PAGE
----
James Forsyth

How Brown views himself

How Brown views himself
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The Gordon Brown interview in The Guardian is revealing about the man. As Fraser noted earlier, Brown takes the opportunity of the interview to lie again about his spending plans. He also does the classic Brown trick of saying he won’t use his children for political gain even as he has them come in and play as he is interviewed. He seems oblivious to this clear double-talk.

Brown’s response to the question of whether he knew about Damian McBride’s habit of sending journalists abusive texts is comic:

"I didn't know that. I didn't know that. It's not what I do. Anyway, I don't text. But when that behaviour was discovered: out! Gone! Away! No longer working for me. And I think if you look at the people who work in our office ... it's people who've come from charities, academic life, business ..."

If Brown really didn’t know, it would only have been because he chose not to know. Indeed, The Spectator published a set of McBride's blasts back in May 2007.  One really does wonder with Brown if he has convinced himself of his alternative version of reality, one in which he is a principled politician who does the right thing and has no time for low politics.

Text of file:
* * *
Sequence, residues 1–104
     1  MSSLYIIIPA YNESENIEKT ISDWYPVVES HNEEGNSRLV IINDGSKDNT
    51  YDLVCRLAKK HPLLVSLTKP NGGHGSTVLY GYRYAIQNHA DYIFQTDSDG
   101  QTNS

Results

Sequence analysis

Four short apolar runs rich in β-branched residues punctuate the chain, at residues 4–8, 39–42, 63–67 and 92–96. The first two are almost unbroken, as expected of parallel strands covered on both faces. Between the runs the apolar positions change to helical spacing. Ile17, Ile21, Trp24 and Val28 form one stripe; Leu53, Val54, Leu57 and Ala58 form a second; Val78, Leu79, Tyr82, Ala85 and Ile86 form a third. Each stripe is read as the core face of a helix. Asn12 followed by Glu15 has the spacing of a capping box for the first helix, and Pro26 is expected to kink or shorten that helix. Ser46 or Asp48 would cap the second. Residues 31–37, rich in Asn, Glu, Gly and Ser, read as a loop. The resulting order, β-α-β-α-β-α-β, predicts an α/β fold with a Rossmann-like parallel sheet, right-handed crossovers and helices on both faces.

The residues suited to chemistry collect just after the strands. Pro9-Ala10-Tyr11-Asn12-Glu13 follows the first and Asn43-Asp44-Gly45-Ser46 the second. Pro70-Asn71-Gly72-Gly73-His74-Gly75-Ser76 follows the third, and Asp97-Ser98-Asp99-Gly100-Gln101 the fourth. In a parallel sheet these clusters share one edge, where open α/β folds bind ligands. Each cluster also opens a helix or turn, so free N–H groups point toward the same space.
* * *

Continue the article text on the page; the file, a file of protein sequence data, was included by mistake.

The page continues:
Brown does, though, seem to know what he will do next,  saying, “I could move to teaching ...” Failed politicians tend to end up at either the European Commission or the Kennedy School at Harvard. It seems that Brown has his sights on Harvard.

Written byJames Forsyth

James Forsyth is Political Editor of the Spectator. He is also a columnist in The Sun.

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